|GCC C/C++ runtime library question email@example.com (2003-10-14)|
|Re: GCC C/C++ runtime library question Brian.Inglis@SystematicSw.ab.ca (Brian Inglis) (2003-10-18)|
|Re: GCC C/C++ runtime library question firstname.lastname@example.org (Marco van de Voort) (2003-10-18)|
|Re: GCC C/C++ runtime library question email@example.com (2003-10-18)|
|From:||firstname.lastname@example.org (Ramanathan Ramadass)|
|Date:||14 Oct 2003 23:46:56 -0400|
|Keywords:||GCC, library, question|
|Posted-Date:||14 Oct 2003 23:46:56 EDT|
I am trying to replace the standard C and C++ libraries which comes
with a Linux distro with our own(licensed from a 3rd party vendor). We
will be providing the lower level layer which the C/C++ library
uses(i.e. the system calls). What i would like to do is replace the
standard and the runtime libraries which come with gcc with our own. I
am a newbie in this and hence have some basic questions;
1. What is the exact difference between the C runtime and the C
standard libraries i.e where does one end and the other begin;
specifically w.r.t gcc? While i am going through a lot of text(both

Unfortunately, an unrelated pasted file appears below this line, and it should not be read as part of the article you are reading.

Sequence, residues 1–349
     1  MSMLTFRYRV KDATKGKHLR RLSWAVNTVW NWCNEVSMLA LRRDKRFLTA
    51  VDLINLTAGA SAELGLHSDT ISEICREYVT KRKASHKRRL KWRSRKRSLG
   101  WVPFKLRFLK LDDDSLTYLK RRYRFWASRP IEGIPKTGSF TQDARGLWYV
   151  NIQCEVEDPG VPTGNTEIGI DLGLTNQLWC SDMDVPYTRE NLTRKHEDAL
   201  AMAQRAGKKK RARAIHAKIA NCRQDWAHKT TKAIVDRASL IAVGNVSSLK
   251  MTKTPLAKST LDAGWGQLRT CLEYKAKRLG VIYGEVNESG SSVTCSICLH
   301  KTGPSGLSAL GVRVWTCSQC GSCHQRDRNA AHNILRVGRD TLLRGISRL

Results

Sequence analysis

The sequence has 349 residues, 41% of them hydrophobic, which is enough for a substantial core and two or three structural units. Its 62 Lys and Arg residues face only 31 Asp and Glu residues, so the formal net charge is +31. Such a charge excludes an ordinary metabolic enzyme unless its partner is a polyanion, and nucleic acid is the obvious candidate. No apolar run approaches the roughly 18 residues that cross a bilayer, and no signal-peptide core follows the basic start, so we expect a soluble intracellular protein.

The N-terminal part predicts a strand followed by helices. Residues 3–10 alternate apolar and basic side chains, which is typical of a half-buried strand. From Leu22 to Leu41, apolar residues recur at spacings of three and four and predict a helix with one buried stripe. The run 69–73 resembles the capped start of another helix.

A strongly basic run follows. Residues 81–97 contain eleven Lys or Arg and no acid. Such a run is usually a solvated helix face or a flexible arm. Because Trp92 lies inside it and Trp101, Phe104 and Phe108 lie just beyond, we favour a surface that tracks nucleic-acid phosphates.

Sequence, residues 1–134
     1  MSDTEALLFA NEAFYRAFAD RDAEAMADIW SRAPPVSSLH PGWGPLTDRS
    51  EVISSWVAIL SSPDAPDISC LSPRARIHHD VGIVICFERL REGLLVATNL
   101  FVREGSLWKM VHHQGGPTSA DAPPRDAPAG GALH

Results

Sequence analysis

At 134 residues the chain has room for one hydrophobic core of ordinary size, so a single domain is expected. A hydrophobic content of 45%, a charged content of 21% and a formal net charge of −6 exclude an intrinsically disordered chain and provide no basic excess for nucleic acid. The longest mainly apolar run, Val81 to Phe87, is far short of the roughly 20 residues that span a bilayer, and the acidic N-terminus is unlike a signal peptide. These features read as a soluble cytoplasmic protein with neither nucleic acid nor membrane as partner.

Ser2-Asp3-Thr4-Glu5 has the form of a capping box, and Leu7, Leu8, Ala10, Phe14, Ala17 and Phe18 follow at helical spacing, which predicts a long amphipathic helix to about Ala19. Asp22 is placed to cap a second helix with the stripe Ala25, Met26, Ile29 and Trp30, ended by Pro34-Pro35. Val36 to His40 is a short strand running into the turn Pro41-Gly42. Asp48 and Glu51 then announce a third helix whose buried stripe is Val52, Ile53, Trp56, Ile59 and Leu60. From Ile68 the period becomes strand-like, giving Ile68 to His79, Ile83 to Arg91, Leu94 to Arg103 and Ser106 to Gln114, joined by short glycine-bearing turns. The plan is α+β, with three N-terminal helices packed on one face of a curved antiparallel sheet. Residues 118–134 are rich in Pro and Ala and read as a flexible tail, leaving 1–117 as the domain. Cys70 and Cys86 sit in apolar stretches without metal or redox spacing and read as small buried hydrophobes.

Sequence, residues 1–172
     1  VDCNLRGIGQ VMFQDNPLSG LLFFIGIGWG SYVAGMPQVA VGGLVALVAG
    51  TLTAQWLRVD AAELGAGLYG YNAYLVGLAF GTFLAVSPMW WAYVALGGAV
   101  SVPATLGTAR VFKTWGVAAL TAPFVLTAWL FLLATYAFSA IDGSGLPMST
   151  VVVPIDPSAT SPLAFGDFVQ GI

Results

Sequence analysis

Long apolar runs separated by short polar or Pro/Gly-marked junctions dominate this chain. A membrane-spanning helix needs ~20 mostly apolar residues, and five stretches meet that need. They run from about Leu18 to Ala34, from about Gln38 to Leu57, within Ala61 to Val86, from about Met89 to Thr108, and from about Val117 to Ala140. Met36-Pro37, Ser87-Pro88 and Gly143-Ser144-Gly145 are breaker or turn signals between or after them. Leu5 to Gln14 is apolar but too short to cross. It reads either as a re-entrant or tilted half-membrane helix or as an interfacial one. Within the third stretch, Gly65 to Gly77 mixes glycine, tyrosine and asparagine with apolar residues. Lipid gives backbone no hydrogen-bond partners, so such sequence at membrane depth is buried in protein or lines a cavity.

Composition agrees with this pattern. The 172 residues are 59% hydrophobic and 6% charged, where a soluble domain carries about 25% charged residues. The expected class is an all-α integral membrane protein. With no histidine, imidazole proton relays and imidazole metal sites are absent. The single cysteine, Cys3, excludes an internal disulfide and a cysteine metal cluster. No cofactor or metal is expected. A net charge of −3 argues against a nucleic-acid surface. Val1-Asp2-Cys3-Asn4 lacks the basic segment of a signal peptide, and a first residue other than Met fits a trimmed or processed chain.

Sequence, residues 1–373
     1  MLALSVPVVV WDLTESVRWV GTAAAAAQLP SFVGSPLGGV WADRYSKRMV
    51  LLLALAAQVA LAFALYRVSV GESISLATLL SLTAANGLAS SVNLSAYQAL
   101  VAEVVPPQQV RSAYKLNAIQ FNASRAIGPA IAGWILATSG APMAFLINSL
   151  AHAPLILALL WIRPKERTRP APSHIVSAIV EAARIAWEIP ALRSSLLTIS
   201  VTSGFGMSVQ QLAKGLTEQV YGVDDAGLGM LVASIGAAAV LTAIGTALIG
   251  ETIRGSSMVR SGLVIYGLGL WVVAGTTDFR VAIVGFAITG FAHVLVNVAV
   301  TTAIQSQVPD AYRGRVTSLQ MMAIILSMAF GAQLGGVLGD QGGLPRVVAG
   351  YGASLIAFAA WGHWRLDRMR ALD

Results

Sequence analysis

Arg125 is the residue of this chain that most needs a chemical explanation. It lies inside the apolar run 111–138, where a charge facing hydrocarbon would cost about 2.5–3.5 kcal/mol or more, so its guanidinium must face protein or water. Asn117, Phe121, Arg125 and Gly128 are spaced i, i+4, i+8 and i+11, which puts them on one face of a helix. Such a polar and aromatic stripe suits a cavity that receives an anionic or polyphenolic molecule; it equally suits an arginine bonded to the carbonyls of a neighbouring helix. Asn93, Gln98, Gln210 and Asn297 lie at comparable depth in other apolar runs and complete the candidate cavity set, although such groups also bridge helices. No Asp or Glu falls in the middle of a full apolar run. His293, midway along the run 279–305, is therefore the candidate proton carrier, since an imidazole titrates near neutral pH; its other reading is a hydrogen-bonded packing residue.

online and book form) i am not 100% clear on this.
2. In a gcc distribution where exactly does the compiler specific
magic lie within the runtime libraries? I might have to modify gcc to
use only my libraries but where and how do i begin? Currently i have
built the 3rd party vendor's library and am linking with it but for
some symbols i still have to go to the gcc runtimes. I am running "nm"
and extracting the object modules using "ar" for all the unresolved
symbols; which seems to be a roundabout way of doing things. What i
would like is to understand the structure of how gcc interfaces with
its runtimes. Would appreciate any and all help on this. Pointers to
other articles/links/books will also be very welcome.
[Good luck. The OS interface library, the standard C library, and the
magic helper code libraries are rarely easy to separate out, and the
low level details are rarely documented. -John]
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